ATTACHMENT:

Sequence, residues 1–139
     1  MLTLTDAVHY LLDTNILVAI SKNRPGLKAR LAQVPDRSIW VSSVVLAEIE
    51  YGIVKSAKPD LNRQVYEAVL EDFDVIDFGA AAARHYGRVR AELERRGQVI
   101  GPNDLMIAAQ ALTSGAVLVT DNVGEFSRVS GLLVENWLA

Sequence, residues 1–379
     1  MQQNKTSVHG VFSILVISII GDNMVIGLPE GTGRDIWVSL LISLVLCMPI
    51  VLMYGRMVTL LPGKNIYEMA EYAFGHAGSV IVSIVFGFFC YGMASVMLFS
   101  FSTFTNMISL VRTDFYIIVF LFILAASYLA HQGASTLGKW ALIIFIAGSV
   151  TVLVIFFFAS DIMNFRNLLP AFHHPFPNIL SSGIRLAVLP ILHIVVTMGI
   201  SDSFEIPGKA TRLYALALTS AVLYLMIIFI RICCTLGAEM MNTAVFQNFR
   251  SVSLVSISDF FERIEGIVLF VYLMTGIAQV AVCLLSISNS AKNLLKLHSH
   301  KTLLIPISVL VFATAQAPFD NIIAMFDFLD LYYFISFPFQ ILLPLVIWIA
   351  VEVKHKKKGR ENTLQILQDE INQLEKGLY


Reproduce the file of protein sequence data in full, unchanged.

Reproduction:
Sequence, residues 1–139
     1  MLTLTDAVHY LLDTNILVAI SKNRPGLKAR LAQVPDRSIW VSSVVLAEIE
    51  YGIVKSAKPD LNRQVYEAVL EDFDVIDFGA AAARHYGRVR AELERRGQVI
   101  GPNDLMIAAQ ALTSGAVLVT DNVGEFSRVS GLLVENWLA

Sequence, residues 1–379
     1  MQQNKTSVHG VFSILVISII GDNMVIGLPE GTGRDIWVSL LISLVLCMPI
    51  VLMYGRMVTL LPGKNIYEMA EYAFGHAGSV IVSIVFGFFC YGMASVMLFS
   101  FSTFTNMISL VRTDFYIIVF LFILAASYLA HQGASTLGKW ALIIFIAGSV
   151  TVLVIFFFAS DIMNFRNLLP AFHHPFPNIL SSGIRLAVLP ILHIVVTMGI
   201  SDSFEIPGKA TRLYALALTS AVLYLMIIFI RICCTLGAEM MNTAVFQNFR
   251  SVSLVSISDF FERIEGIVLF VYLMTGIAQV AVCLLSISNS AKNLLKLHSH
   301  KTLLIPISVL VFATAQAPFD NIIAMFDFLD LYYFISFPFQ ILLPLVIWIA
   351  VEVKHKKKGR ENTLQILQDE INQLEKGLY